Back in the year 2004 I was reading a rather depressing book pharmaceutically titled Prozac Nation and whilst almost finishing the book, I had thought that it was an eye opening subject that is rarely talked about in my living social fabric, but also at the same time it was a grim read, literally dirty, not in that sexual way, but in the very real sense that it made me felt I hadn't taken a shower for weeks, that I hadn't really looked at myself in the mirror, or check to see if I had eaten anything at all for the day. It was sad and whilst it gave me a somewhat point of view that sort of agrees to mine, I felt that it will be one book that I will come to forget, get over with, the subject as well as the psychological condition. Because frankly reading that book gave me reflections of the self? its capability if you will let it distort, will and mostly certainly do.
And so it was one of those stay in days reading in the kitchen, cigarettes and coffees, a light snack here and there to fester the completion of the book I find so disparagingly hard to complete, then my housemate barge in from the colder autumn days that came spilling not only the cold from the outer but the innards?of her rather posh shoulder bag, and there it was, white cover, with a portrait of a rather handsome looking American, slightly thinner, taller, harder looking Richard Gere look alike, an American no doubt, it has to be somehow I thought to myself. And although I didn't think much of it, it pique my buds enough to ask her what the book was about. She had but lightly in her very own diplomatic character told me that it was about the world of cooks, restaurants, and food. Bless her, she did open up a whole new realm for me there.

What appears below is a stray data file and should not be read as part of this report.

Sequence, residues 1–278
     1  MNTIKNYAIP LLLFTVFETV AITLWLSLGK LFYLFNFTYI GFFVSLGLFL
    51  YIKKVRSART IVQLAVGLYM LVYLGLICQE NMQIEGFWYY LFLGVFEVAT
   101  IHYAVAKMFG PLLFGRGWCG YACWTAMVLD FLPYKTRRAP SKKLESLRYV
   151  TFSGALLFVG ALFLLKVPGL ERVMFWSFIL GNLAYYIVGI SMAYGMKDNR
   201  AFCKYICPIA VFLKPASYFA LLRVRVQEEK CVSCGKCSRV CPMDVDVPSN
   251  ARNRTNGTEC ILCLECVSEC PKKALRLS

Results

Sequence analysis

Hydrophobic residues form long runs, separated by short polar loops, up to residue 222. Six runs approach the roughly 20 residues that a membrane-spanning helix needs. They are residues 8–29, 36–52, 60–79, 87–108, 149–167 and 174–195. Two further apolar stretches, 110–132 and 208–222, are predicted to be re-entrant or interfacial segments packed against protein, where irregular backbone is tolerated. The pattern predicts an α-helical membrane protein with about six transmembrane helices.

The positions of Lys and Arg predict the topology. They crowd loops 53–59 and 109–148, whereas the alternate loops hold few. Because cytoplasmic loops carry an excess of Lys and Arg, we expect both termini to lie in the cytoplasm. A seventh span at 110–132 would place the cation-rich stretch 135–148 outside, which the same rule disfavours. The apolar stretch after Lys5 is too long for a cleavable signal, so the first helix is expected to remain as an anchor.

Needless to say, I was hooked from the very first page. The language of this man is straightforward, no nonsense, and he writes likes he speaks, it was on a very personal level that so much so I wished every autobiography was written that way, unforgiving, straight from the heart, no veneers, smokescreens, or any fancy words at that, only if it's really very necessary, his metaphors are brilliant and easy to grasp, and if you didn't, he'll explain it to you, and it's humorous even at times, but enough on the writing.
This man dishes out everything he knows in this book, it's almost like a starter pack for anybody who wants to read about the world of culinary arts and the underbelly of it. You get a sense he's not leaving you in the blind, everything is told, no one is spared but their names, and you're not just getting stories about food and their little own lexicons, its everything else that comes with it, all the sex, revenge, bad tempers, bad management, the nook and crannies, profanities, the sex, the drugs, the rock and roll, the binging and every part of the meat you can imagine and even more. At the same time, he tells you the finer things in life, the joy of cooking and eating, the beauty and sacredness of food, but also the sadness about certain dying artisan craftsmanship happening in the world, the sadness about suicidal Michelin stared chefs, and the glories and failures seen and heard on and off the record in the culinary world.
So anyone that has seen his TV shows, and enjoyed it, but never picked up a copy of his best-selling book, I assure you, it's going to be worthwhile. Everything that you thought you liked about this man and his life is magnified better in the book. Personally, it almost feels like he was doing the show and writing the book at the same time, but only much better in detail and with no censorship, at least it felt pretty damn close that he did. Oh and by the way, I never did return the book to the lady that came in from the cold, neither had I finish reading Prozac Nation?
P.S. if you happen to have already read "Kitchen Confidential", check out his Les Halles Cookbook, I assure you his "edgy" manner of speaking and personality continues there.
"...food is the most beautiful thing in this world that truly nourishes..." - anonymous.